The machines themselves, computational and otherwise, and the immense miraculous techno-industrial dispositif which reproduces them and their ability to function, operate on fundamentally unfree principles. The globalised logistics chains, the dickensian conditions in tungsten mines, the reliable functioning of the power grid, all requires unquestioning discipline. Who will contribute that discipline under what conditions? What is the trade-off? How can we elaborate the notion of freedom anew in a way that integrates acknowledgment of the ambient social requirement to subjugate ones own freedom for the benefit of all? Technologies re-imagined to serve global emancipation and redistribution of socially necessary discipline are urgently required.

10402750_10152493818399187_7456768947030977015_n

http://www.supermarkt-berlin.net/en/event/dismalware/

Saturday, monochrom and Telekommunisten are hosting DISMALWARE2 at Supermarkt Berlin, we will be screeing the movie DIE GSTETTENSAGA: THE RISE OF ECHSENFRIEDL, here is a guest post from Bonni Rambatan about the movie

DIE GSTETTENSAGA: THE RISE OF ECHSENFRIEDL
Bonni Rambatan

(Contains movie spoilers.)

If the film is the defining medium of the 20th century, the social media is what defines the 21st century. That much is clear to anyone who pays attention to the way media constructs the lives and desires of contemporary society. If the film, as Slavoj Žižek remarks, teaches us how to desire, the social media, as it were, sets those ways of desiring into stone by determining how we like, how we share, to whom, to which things we are exposed, and so on. All is codified within the realm of technology, that—at least to non-hackers—remain opaque, even invisible. And all, of course, are presented as comfort—a perfect illustration to the Foucauldian “society of control”,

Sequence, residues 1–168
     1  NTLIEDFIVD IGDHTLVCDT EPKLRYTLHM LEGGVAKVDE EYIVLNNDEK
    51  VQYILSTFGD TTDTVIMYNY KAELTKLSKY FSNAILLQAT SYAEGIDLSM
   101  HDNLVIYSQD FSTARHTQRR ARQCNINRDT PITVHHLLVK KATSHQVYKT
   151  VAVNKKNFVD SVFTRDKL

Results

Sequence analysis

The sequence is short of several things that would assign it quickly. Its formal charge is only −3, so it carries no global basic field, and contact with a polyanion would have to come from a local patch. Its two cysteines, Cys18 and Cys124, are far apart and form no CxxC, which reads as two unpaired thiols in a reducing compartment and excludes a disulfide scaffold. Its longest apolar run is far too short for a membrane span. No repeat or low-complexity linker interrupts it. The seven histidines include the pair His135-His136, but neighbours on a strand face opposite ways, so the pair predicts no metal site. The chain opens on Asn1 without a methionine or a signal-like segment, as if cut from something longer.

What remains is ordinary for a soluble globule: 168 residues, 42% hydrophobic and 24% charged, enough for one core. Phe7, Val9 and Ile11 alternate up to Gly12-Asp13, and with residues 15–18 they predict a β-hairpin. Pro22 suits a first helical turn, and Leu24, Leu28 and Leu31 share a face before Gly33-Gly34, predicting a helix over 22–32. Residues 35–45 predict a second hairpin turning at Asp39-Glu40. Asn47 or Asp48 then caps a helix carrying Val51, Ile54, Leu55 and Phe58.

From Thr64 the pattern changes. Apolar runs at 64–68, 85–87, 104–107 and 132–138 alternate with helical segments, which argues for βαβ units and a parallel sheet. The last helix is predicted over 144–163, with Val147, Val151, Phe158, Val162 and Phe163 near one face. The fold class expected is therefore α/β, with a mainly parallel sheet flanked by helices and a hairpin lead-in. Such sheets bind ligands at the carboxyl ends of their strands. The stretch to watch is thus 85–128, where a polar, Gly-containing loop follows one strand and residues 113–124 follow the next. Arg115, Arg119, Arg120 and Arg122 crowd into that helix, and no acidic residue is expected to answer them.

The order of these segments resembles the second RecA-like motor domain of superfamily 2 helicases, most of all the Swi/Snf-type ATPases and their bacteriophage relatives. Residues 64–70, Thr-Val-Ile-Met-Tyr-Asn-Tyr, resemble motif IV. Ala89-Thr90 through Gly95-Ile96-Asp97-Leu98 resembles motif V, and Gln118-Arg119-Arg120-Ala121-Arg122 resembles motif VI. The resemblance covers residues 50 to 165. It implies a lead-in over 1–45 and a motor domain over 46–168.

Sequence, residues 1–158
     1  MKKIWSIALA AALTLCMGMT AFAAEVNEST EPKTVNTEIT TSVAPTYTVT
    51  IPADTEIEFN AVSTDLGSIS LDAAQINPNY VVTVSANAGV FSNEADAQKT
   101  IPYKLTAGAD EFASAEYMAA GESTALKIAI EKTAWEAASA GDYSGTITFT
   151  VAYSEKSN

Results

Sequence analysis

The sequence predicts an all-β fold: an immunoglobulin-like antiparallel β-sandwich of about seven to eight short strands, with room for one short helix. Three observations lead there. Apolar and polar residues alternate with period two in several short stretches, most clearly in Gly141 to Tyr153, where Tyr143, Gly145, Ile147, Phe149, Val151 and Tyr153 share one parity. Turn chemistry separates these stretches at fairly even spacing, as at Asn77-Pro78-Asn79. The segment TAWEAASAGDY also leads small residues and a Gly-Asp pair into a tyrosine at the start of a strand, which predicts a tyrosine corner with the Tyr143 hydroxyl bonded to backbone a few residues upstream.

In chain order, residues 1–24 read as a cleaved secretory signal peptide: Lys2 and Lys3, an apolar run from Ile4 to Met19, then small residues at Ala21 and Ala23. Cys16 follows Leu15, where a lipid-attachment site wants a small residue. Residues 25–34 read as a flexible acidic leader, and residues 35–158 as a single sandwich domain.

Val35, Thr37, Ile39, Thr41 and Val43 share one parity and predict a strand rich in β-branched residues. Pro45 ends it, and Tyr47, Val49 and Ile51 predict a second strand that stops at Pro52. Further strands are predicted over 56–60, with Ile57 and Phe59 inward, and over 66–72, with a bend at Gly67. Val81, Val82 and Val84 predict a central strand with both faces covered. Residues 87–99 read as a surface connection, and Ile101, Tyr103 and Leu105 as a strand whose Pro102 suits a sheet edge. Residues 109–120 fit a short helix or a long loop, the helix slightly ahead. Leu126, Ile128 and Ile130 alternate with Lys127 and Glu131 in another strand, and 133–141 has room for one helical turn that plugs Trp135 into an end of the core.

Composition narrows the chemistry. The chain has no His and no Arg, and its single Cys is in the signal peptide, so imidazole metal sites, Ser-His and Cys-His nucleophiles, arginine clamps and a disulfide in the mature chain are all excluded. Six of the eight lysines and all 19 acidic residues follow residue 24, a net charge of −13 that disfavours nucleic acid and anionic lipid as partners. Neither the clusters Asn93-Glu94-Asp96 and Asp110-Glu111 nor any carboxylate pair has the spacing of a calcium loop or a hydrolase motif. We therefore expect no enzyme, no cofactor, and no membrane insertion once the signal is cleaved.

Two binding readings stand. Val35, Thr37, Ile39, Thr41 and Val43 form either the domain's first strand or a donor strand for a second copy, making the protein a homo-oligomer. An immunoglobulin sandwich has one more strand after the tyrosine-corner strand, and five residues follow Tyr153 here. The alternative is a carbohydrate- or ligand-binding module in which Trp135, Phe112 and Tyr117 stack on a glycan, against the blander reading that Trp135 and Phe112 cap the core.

This is where the contemporary romaticism of nerds as agents of change often falls short—and precisely the target of Johannes Grenzfurthner’s latest film, Die Gstettensaga: The Rise of Echsenfriedl. In the film, we follow the adventures of two young nerd protagonists who are hired by the old media mogul, Thurner von Pjölk, to find and interview via live broadcast the reclusive new media mogul, Echsenfriedl—only to find that all is von Pjölk’s scheme of banning television and other forms of new media, because the live interview would turn all viewers into stone (because Echsenfriedl is a basilisk), hence creating mass hysteria of the dangers of new media.

It’s easy to see the Edison-vs-Tesla mythology at play in the von Pjölk-Echsenfriedl relationship constructed throughout the film. Much to the delight of the nerds, Echsenfriedl (obviously the more Tesla of the two) eventually won—but this twist brings a problematic ending. Echsenfriedl becomes the new media mogul, and the nerds overtly rejoice, even starts burning books and other forms of old media. In the narrator’s own words, “today … creative technophilia is not expressed in underground makerspaces, but out on the open streets!” and Echsenfriedl says “I like it when young people do something” and that he trusts “the wisdom of the crowd.”

It brings into question, then: are movements like Occupy Wall Street really “movements” in the traditional revolutionary sense? Is it not, rather, more of an expression of “creative technophilia”? There is nothing wrong with that, of course—as I have said in many of my other writings, hacking and play are the roots of revolution, since they shed light on new possibilities. However, what we should be careful of—and about which the film warns us so cleverly, if tongue-in-cheek—is this all-too-readiness in today’s otherwise potentially revolutionary petit-bourgeoisie to embrace technology and crowd wisdom as a sort of romantic proto-revolution for a more equal future, while it in fact remains firmly planted in the capitalist universe. In the end, it is Echsenfriedl who has the last laugh, while the nerds, as one can easily deduce, are “doing things” and producing “crowd wisdom” which produces yet more data and more market for the new media business.

The film doesn’t beat around the bush and pretend to give us a solution to this conondrum, but nor does it have to. What it does is that it forces us to think deeper about this conondrum, and the fact that much of today’s romanticized revolutions often go eerily hand in hand with the development of digital capitalism. Few films today, if any, manage to do such a feat.